At the Tisch Center, undergraduate and graduate students have the opportunity to design and conduct research studies in the fields of hospitality, travel and tourism, and event management. In this post, four students in the Spring 2022 capstone cohort, Sam Arpino, Megan Grote, Stacy Zuniga, and Shae Zhao, provide details on their research endeavors and highlight key takeaways from their projects.
Sam Arpino, MS in Event Management
Thesis Research Topic: DEI in the Events Industry - While diversity, equity, and inclusion (DEI) has been a topic of interest & priority in traditional businesses, innovative companies, & politics for over a decade, the events industry seems to be lagging behind in its participation in this discourse.
Objectives: This original research identified strategies for event professionals, informed by event professionals and peer-reviewed academic research, to incorporate DEI practices into their work. This research is intended to begin closing the gap in DEI standards, knowledge, and strategies within the events industry.
Key Findings: After conducting 30 in-depth interviews with event professionals, a thematic analysis was used to transform the data into actionable takeaways. This resulted in the development of seven strategies for event professionals to incorporate DEI into their work:Be overt in the articulation of not making assumptions about the clients.
- Be overt in the articulation of not making assumptions about the clients.
Do the internal work to better understand your own identities, which will then lend to understanding your unique value to clients as well as your potential limitations.
Reinvest money into the communities from which you’re seeking clients.
Seek to understand the lived experience of people with marginalized identities, and compensate them accordingly.
After making strides on a personal and professional level, indicate explicitly on external materials that you have a commitment to DEI to signal to potential clients that you are a “safe” person to work with.
Advocate for DEI to be prioritized across the industry, not just within your own work.
Get comfortable with being clumsy.
Megan Grote, MS in Event Management
Thesis Research Topic: Due to mega-sport events’ inherent global influence and cultural role, for my thesis, I decided to center my research around sustainability and ethical responsibilities in mega-sport events (i.e. large-scale sport events at an international level).
Objectives: The aim of my study was to explore sustainability and the ethical responsibilities in mega-sport events and define the key duties and responsible parties when hosting a mega-sport event. With the intent of providing a holistic perspective and recommendations for the mega-sport events industry sector, my research included interview subjects ranging from experts on sustainability in sporting events to mega-sport event spectators.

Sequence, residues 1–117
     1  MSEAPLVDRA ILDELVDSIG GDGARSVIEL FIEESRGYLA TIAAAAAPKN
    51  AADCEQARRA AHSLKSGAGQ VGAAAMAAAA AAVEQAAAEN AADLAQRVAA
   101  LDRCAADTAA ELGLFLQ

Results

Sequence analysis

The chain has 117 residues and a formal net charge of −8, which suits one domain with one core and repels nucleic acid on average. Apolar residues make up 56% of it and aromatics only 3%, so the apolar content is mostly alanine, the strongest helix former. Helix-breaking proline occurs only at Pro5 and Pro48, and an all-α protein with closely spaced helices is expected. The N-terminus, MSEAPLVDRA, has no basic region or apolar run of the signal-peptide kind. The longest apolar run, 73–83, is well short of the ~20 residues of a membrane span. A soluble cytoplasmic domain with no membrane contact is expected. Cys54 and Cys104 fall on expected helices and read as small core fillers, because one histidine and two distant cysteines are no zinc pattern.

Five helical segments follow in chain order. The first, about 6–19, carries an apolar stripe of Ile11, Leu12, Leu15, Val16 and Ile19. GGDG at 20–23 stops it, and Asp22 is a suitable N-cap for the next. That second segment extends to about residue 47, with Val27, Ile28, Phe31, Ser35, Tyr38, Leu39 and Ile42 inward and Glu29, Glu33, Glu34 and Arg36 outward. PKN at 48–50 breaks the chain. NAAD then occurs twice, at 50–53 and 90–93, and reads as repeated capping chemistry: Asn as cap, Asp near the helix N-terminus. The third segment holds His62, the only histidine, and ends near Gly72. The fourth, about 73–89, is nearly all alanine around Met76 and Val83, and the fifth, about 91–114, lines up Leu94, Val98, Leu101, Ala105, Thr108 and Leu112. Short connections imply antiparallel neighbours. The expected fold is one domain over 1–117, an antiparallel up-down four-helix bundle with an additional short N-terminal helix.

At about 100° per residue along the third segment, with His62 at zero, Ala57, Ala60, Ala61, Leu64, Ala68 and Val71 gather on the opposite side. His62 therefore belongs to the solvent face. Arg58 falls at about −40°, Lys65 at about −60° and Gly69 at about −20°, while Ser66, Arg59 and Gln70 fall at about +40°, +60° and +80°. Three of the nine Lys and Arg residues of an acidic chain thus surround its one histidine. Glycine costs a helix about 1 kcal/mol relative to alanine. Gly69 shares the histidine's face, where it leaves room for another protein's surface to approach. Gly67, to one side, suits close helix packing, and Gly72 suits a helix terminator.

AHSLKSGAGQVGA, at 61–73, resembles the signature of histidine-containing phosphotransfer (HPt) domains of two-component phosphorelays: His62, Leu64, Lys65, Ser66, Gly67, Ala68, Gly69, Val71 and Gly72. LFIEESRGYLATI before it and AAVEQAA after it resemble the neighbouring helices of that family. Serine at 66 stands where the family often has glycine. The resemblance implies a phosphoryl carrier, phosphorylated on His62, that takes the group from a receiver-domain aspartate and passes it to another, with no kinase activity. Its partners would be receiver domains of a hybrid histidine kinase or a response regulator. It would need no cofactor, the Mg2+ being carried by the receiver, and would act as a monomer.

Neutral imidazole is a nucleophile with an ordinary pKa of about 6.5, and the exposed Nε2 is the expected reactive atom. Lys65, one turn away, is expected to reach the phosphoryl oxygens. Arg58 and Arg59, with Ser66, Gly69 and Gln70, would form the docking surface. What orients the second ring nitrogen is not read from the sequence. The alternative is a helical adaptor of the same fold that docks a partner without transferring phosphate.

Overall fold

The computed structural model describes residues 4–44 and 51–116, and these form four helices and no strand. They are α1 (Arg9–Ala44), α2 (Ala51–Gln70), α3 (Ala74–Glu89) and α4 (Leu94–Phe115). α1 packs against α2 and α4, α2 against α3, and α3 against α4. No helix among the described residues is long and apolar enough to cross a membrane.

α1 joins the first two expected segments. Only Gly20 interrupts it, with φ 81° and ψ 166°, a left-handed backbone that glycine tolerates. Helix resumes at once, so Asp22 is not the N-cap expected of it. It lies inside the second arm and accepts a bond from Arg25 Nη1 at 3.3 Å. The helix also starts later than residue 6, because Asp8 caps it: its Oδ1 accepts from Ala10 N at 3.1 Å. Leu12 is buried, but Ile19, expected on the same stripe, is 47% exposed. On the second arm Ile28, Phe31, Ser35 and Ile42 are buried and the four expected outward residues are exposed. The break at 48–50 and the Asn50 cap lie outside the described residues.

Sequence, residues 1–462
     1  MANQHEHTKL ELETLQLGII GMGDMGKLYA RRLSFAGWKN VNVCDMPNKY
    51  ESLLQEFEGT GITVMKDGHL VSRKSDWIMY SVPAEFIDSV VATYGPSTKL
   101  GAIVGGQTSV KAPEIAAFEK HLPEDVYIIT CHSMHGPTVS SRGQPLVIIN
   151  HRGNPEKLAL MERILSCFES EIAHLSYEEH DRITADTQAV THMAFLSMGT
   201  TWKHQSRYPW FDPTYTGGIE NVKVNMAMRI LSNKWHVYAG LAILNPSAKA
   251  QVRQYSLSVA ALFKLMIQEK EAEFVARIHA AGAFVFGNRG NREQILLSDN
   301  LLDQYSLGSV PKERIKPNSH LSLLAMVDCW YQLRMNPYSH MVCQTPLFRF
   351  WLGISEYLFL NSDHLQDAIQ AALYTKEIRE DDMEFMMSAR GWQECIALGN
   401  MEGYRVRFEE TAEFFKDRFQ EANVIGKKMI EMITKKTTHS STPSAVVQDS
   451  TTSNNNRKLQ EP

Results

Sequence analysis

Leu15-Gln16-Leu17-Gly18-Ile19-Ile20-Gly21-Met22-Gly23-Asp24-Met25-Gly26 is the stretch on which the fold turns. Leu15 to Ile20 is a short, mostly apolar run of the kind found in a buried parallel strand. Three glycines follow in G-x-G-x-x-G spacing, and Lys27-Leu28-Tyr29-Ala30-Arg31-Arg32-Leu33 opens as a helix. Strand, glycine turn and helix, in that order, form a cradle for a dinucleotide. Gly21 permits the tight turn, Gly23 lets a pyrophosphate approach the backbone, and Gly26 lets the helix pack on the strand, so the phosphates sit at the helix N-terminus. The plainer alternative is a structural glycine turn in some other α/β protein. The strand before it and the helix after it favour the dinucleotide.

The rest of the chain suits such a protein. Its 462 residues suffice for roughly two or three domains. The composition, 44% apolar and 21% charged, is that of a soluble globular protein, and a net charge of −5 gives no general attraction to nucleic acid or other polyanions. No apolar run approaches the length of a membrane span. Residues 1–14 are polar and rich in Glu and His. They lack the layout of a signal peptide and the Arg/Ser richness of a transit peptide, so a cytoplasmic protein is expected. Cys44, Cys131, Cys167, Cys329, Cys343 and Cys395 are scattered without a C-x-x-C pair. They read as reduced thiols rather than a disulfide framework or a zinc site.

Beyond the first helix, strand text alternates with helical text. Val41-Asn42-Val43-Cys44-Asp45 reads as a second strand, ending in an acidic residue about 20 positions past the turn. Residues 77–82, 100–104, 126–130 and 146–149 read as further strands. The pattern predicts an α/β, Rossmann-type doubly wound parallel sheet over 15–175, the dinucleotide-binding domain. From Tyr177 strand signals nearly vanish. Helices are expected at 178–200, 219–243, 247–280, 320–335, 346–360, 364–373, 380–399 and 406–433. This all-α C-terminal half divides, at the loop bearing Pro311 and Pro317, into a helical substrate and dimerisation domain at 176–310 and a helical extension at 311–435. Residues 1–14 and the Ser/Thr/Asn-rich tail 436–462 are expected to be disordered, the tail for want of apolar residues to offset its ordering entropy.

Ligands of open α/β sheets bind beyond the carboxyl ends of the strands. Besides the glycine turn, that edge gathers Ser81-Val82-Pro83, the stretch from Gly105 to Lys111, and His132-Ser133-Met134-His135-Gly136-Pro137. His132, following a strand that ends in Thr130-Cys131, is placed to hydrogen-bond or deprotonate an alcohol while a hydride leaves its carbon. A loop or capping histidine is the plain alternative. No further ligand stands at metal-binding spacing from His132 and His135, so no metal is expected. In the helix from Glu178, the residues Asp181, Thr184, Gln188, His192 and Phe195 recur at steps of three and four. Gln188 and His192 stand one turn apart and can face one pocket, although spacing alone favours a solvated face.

Sustainability is misperceived as being only about the environment - it can also include sustainability relating to socio-cultural, human, or economic factors.
Mega-sport events do not take enough advantage of their global platforms and have become passive to their role in long-term sustainability and negative impacts such as the gentrification of select communities.
There is an immense need for systemic change and accountability structures in mega-sport events in order to minimize the negative impacts they have on the environment and various stakeholders in the mega-sport event industry.
Stacy Zuniga, MS in Event Management
Thesis Research Topic: How can event planners create more memorable experiences for event attendees, specifically in Networking Events.
Objectives: My objective for this study was to understand the "attendee perception"; what elements of the networking event do the attendees most remember. What is their experience pre-event, during the event, and post-event? All these different timelines influence the attendee experience and ultimately construct the event's success.
Know your target audience. Attendees are more inclined to attend events that mirror their likes and interests, make sure your promotional material resembles your audience.
Let your attendees network, don't restrict your attendees to a table, or a group. Let them roam around and network!
Shae Zhao, BS in Hospitality and Tourism Management - Concentration in Marketing and Revenue Management
Thesis Research Topic: My study aimed to determine best practices in planning effective social media programs for independent hotels.
Objectives: My objective was to find out the best platform, strategy, and content for independent hotels to conduct social media marketing practices to increase awareness and maintain customer relationships.
Key Findings: My key findings are that customers are highly visually-driven when using social media to check independent hotels, therefore, independent hotels are expected to post high quality and appealing pictures on their social media. My results also show that although only 24% of the respondents prefer to use independent hotels' websites to book rooms, 64.7% of the respondents think they are likely to book through the hotels' website if accessible through the hotels' social media if the account is well-managed.